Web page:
Tag Archives: thelittleloaf

Kale & Chilli English Muffins.

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I LOVE BRUNCH. Like seriously LOVE IT. It’s the joy of breakfast food but in bigger portions AND with a wider scope of ‘acceptable’ food options, what’s not to love. I saw this recipe on the little loaf’s blog a while back, and following my foray into the world of buckwheat flour I was keen to try some more recipes that used it. I found that I needed to cook the muffins for a lot longer than suggested on the little loaf’s blog, and I added/removed a few items from the ingredients list (mainly as I was too lazy to go and buy the correct ingredients). I also took a very lazy approach, using a food processor as much as possible, as no one needs to be chopping on a sunday morning, especially one that looks like this…

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Kale and Chilli English Muffins (adapted from thelittleloaf)

Ingredients:

(makes six)

5g butter
10g olive oil
1 tsp chilli powder
150ml semi skimmed milk
110g curly kale
5g dried yeast
150g strong white bread flour
75g buckwheat flour
Pinch sea salt
Polenta, cornmeal or semolina for dusting

Method:

1) Heat the oil in a large frying pan over a medium heat, add the kale and fry for 3-4 minutes, then add the butter.

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2) Mix together the chilli powder and milk, pour over the kale and cook until wilted. Leave to cool for 5-10 mins then transfer into a food processor, draining some of the excess milk off. Blitz gently till finely chopped, but not pulp.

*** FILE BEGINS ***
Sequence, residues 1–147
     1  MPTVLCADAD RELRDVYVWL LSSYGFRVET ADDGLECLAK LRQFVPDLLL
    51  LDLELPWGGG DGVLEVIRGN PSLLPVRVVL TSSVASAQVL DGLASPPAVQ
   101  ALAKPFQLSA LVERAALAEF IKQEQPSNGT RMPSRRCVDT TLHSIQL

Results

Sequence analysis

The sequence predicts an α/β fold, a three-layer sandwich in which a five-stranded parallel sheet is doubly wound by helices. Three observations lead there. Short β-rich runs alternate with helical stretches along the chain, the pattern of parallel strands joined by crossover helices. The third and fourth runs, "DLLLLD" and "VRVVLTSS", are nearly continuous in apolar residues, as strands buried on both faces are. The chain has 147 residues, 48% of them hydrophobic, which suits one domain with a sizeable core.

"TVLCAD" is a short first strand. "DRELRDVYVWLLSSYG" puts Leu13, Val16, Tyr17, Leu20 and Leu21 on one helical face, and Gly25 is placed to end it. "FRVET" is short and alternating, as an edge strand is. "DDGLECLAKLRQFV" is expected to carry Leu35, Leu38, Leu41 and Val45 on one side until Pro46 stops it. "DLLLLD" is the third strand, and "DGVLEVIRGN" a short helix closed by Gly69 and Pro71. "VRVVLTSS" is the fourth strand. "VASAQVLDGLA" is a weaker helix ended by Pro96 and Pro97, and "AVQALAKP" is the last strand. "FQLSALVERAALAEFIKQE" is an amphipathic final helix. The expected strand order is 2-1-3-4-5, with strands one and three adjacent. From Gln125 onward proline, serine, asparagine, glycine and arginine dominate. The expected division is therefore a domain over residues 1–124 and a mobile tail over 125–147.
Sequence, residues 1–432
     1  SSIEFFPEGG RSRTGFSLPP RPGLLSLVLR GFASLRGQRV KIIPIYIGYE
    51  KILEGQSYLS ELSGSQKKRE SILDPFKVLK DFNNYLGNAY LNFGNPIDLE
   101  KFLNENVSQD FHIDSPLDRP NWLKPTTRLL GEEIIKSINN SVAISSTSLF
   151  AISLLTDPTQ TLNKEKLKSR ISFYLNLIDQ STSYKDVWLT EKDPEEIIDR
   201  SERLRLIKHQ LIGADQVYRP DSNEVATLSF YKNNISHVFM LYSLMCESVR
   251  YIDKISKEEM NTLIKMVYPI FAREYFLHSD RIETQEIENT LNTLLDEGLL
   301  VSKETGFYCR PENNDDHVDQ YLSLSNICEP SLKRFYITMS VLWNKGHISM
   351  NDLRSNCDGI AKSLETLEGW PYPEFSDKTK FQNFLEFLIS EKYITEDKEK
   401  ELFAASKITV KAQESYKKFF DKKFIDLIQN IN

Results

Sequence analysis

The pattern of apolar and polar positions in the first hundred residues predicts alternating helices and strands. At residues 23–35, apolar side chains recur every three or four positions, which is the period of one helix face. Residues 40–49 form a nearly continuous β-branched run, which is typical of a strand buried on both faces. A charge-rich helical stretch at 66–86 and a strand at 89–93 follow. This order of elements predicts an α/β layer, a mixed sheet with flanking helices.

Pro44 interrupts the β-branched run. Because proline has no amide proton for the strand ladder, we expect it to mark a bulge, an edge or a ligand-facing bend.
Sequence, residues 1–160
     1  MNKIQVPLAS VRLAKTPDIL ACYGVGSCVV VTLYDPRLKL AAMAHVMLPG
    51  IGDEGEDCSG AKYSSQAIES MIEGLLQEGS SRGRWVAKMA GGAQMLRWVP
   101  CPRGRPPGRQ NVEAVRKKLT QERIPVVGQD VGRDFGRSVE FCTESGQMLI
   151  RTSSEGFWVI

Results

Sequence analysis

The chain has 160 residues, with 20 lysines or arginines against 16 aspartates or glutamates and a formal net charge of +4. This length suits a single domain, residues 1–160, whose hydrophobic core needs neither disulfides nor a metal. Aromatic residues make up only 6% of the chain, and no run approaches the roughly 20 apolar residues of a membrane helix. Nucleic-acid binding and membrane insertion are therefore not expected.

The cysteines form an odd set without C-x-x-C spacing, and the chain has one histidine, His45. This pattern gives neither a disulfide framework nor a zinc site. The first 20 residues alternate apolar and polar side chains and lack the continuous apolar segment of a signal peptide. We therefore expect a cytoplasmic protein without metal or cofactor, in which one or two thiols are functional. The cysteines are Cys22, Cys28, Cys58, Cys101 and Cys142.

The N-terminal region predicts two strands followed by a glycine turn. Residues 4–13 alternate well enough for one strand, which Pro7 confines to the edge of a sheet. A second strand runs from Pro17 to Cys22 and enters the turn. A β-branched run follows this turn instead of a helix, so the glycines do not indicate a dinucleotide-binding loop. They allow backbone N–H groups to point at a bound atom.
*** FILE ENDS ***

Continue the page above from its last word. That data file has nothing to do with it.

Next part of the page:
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3) In a large mixing bowl mix the bread flour, buckwheat flour, salt and yeast, ensuring you place the salt and yeast at opposite ends of the bowl (otherwise the salt will kill the yeast!) Add the now cooled down kale mixture then add enough tepid water to form a dough (the dough will be quite sticky)

4) On a lightly floured surface, knead your dough for 10-15 minutes until it feels more elastic and smooth. Place in a lightly oiled bowl, cover with clingfilm or a plastic bag and leave in a warm place for 30mins- 1 hour to rise.

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5) Place a heavy-based frying pan over a low heat. Then dust your work surface with polenta,semolina or cornmeal. Place your now risen dough on top and using your hands press out till around 2cm in thickness. Using a 7.5cm cookie cutter (or water glass) cut out your muffins, ensuring both outsides are covered with polenta/cornmeal/semolina.

IMG_09896) Place the muffins in the frying pan, leaving gaps in between them. Cook for 5-10 minutes before flipping (keep checking to make sure they’re not burning!) If you find they are taking a long time to cook, or are not convinced they are cooked all the way through you could pop them in the oven for 10-15 minutes.

7) Serve warm with lashings of butter, they’re even better when toasted.

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Sunday brunch cooking needs a soundtrack (as does pretty much every activity) so here’s a few of my current obsessions. I love a good cover song (note: a good one) and these are my current favourites…

 

 

 

Buckwheat Cookies, Food Blogs and Cake Dates.